Wasatch Cache National Forest
In partnership with: Utah Division of State Parks and Recreation, The Friends of the Utah Avalanche Center, Utah Department of Emergency Services and Homeland Security and Salt Lake County.

keeping you on top


Thursday, December 28, 2006  7:30 am
Good morning, this is Bruce Tremper with the Forest Service Utah Avalanche Center with your backcountry avalanche and mountain weather advisory.  Today is Thursday, December 28, 2006 and it’s 7:30 in the morning. 


Current Conditions:

My suspicions about this storm yesterday proved well-justified.  It was yet another storm of huff-and-puff-but-not-much-fluff.  A mighty 2-5 inches of pasty snow fell yesterday but hey, at least the winds were blowing hard enough to tip over a tractor.  Yesterday’s ridge top winds blew from the southwest, 35 gusting into the upper 50’s for much of the day.  The places that get hit hard from the southwest winds had a lot of damage, such as the Park City ridgelines.  As the energy of the storm dove south in late afternoon, the ridgetop winds dropped to zero, so we couldn’t squeeze more than about an inch out of the northwest flow last night.  This morning, the ridge top winds are light from the north with ridge top temperatures in the mid teens.  


Snowpack and Avalanche Conditions:

Yesterday not a lot of people were out in the backcountry, but the hard working and cagy Bob Athey and Mark White were able to intentionally trigger a hard slab on a wind-loaded side in Days Fork at 9,500’.  It broke 1-2 feet deep on faceted snow beneath a buried rime crust and stepped down into deeper faceted snow.  They were able to trigger it from the flats near the slide.  Photo 1 Photo 2, Photo 3  Also, all the ski resorts reported widespread areas of sensitive, soft slabs on all the wind drifted slopes, but for the most part, they were shallow and manageable.  The exception was an explosive-triggered slide in Daily Chutes near Park City which broke up to 6 feet deep to the ground.  I think wind loading was invented in the Daily Bowl area and that kind of place really gets hammered by these south and southwest winds.  You should also be very cautious of the Park City ridgeline and Snake Creek where significant wind loading occurred yesterday.  The wind slabs will range from soft to hard and they will look smooth and rounded.  They often feel “slabby” and sound hollow.  An inch of new snow overnight may conceal them a bit but definitely do a lot of probing and investigating as you travel today.  If you find one on a steep slope, you should definitely avoid it.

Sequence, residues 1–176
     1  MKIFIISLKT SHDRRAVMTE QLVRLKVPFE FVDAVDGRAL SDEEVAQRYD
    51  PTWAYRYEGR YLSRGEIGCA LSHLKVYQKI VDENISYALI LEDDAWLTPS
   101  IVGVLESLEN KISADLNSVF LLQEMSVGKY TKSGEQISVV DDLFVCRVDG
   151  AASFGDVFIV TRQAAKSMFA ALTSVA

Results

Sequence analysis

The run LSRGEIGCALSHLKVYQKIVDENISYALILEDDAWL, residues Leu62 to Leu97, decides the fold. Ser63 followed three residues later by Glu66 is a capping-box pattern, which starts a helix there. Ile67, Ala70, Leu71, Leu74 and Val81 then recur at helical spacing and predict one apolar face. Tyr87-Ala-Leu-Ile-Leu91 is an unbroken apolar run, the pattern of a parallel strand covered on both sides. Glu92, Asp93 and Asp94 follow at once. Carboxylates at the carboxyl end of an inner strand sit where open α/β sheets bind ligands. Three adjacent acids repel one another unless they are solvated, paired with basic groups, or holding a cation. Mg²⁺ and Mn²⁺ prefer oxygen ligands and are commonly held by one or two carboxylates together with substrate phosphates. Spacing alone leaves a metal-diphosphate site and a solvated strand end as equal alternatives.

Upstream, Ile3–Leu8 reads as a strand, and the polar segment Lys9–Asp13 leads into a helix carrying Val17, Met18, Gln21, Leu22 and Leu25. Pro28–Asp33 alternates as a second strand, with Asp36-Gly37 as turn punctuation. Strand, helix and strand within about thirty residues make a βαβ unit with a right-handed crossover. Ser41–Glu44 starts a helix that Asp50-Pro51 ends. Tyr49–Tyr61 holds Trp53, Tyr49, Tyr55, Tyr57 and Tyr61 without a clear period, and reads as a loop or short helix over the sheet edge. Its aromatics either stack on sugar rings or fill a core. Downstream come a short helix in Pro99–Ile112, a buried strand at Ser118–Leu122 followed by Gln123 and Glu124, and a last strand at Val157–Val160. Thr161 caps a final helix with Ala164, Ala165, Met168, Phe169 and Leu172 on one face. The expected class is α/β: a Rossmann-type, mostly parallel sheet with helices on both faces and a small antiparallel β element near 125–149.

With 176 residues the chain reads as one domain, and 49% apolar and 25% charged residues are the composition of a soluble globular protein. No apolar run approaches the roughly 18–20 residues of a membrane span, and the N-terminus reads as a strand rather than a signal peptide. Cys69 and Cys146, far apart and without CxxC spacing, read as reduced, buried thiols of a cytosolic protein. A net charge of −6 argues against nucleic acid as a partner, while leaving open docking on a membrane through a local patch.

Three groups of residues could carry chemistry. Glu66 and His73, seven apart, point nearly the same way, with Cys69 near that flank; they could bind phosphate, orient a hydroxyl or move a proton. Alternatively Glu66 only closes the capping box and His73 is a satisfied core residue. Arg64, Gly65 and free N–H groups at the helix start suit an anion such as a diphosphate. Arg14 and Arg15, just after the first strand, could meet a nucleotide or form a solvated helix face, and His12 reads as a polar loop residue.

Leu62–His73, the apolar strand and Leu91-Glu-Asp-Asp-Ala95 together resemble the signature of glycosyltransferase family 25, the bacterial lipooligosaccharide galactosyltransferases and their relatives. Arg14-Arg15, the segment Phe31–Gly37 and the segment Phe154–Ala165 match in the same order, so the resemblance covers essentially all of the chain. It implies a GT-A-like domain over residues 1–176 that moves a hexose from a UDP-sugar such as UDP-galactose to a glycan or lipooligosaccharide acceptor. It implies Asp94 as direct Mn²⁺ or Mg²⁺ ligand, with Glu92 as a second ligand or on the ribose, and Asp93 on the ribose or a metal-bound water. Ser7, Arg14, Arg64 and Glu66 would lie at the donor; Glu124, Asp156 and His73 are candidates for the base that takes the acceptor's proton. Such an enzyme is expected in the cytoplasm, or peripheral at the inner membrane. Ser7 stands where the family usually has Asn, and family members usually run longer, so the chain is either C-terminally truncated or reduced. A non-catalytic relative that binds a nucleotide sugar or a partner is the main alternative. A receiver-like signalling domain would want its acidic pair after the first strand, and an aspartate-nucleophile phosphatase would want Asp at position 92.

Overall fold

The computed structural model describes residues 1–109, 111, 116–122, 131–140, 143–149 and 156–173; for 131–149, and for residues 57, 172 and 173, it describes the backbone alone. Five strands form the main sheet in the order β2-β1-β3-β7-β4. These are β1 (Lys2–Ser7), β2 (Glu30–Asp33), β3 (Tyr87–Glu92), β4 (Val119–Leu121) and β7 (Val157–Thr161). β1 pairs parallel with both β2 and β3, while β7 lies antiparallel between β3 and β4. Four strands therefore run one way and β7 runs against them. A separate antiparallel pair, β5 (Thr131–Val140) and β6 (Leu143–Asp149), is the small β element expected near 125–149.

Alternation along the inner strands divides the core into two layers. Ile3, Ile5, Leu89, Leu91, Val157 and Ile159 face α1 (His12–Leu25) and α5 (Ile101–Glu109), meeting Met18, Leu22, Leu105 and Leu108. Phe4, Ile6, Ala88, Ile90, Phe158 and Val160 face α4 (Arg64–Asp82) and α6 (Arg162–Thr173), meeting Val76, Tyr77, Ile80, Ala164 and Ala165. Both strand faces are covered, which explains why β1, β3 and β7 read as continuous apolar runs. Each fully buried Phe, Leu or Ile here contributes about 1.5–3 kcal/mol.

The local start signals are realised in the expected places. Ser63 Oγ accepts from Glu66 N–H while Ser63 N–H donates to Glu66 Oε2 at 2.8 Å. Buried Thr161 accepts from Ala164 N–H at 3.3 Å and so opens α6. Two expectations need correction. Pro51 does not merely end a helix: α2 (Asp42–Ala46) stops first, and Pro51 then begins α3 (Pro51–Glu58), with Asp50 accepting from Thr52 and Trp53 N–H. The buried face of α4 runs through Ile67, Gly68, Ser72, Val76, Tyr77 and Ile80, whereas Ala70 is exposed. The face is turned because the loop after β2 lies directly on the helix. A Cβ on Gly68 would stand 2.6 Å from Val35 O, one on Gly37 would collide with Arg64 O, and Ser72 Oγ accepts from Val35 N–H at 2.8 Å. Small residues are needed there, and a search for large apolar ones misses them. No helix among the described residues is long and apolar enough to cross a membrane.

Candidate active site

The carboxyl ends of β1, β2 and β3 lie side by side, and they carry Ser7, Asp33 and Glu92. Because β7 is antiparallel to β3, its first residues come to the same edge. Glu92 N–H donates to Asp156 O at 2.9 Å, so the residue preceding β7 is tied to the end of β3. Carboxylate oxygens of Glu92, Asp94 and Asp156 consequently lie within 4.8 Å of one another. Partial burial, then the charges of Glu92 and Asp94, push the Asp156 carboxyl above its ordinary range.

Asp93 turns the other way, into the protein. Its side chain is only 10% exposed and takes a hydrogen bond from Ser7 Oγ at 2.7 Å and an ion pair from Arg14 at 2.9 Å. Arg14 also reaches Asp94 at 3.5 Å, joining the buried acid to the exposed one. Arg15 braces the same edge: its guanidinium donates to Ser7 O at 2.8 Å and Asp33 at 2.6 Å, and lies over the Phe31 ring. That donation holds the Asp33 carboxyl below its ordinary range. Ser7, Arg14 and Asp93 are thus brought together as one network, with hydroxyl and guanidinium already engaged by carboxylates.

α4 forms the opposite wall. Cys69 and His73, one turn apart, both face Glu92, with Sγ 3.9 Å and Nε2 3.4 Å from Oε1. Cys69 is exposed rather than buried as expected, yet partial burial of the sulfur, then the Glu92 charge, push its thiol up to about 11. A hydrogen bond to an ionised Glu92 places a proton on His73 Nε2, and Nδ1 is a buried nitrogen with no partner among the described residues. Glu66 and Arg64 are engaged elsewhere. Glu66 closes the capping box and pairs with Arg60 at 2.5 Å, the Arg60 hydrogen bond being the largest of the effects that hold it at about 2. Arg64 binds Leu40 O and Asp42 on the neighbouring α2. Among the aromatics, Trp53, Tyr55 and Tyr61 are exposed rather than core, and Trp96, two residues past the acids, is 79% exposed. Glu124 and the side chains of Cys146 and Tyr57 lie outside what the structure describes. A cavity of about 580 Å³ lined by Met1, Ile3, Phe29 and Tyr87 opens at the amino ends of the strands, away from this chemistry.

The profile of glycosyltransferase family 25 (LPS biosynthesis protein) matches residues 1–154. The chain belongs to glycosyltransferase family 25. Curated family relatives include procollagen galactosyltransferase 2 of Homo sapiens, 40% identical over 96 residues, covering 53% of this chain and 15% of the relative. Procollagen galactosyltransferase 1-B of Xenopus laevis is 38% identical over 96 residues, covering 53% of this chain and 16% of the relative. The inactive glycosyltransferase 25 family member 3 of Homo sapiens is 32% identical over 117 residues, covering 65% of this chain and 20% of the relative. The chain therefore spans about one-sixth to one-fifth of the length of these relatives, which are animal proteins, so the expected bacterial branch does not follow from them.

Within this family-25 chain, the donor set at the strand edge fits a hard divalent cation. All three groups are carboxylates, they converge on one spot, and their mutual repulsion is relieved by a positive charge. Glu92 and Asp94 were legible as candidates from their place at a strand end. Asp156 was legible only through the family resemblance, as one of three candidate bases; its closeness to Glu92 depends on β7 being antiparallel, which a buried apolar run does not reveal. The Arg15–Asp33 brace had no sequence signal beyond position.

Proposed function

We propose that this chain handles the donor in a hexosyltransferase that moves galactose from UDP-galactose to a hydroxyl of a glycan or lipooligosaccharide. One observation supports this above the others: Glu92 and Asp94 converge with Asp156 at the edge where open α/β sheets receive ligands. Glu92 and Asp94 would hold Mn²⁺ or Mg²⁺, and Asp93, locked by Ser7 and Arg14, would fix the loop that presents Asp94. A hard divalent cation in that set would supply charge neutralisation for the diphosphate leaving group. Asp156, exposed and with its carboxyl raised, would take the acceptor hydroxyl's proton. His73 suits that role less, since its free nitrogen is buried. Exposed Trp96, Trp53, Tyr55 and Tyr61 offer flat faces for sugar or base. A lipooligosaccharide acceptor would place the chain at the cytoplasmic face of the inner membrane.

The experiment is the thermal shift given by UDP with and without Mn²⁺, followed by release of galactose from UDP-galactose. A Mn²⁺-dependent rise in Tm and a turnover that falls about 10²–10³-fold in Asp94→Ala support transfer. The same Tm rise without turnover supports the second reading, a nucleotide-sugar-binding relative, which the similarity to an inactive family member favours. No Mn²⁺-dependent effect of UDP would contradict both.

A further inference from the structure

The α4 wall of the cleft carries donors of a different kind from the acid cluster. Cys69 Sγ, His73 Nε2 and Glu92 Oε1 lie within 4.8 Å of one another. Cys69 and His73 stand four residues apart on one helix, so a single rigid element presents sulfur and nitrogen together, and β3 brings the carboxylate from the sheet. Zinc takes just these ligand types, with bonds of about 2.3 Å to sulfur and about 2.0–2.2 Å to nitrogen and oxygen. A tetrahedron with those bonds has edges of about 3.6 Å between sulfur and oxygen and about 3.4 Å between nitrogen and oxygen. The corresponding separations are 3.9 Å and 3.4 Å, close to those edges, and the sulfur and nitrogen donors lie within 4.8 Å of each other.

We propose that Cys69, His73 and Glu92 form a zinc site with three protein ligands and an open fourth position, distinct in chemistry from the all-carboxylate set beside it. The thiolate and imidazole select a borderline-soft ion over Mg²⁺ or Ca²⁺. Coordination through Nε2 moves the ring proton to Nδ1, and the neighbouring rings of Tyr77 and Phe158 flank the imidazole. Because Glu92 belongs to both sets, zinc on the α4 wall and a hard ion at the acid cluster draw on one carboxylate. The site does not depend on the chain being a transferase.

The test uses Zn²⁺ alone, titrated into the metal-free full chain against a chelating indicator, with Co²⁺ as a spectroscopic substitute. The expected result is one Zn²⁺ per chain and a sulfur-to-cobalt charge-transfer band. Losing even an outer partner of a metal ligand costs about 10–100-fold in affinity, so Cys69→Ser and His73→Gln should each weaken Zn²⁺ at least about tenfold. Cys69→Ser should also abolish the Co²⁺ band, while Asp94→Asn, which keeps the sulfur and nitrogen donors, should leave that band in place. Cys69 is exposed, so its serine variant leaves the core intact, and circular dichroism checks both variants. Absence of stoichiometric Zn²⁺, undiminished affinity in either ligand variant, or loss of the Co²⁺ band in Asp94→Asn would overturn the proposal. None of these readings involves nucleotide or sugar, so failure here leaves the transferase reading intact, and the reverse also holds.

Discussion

Bottom Line for the Salt Lake, Park City, Ogden and Provo area mountains:

The danger is MODERATE on any slope steeper than about 35 degrees with recent deposits of wind drifted snow less than a foot deep soft slabs.  The danger is CONSIDERABLE on slopes with wind drifts more than a foot deep and hard slabs.  You will find pockets of these wind slabs along many of the upper elevation, wind exposed slopes.  The danger will be LOW in non-wind drifted slopes with less than 4 inches of new snow. 

Mountain Weather:

Today the ridge top winds will shift from the north to the northeast and they may pick up and blow as strong as 30 mph with higher gusts, which will give us a whole new set of wind slabs.  We will get a few more light snow showers this morning but probably won’t add up to more than an inch.  We should have clouds hanging around the mountains for most of the day.  Ridge top temperatures will be in the mid teens.  Skies should clear by tonight and we will have warmer temperatures and clear skies for the weekend.

The extended forecast calls for clear weather through the weekend with a few high clouds on Tuesday and another chance for some snow about a week from today.



If they can get out, The Wasatch Powderbird Guides will fly today in Silver, Cardiff, Days and American Fork.

The Rescue Training Center at the Canyons Resort is up and running now at the top of the gondola.

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We appreciate any snowpack and avalanche observations you have, so please leave us a message at (801) 524-5304 or 1-800-662-4140, or email us at [email protected]. (Fax 801-524-6301)

The information in this advisory is from the U.S. Forest Service, which is solely responsible for its content.  This advisory describes general avalanche conditions and local variations always occur.

Brett Kobernik will update this advisory by 7:30 on Friday morning, and thanks for calling.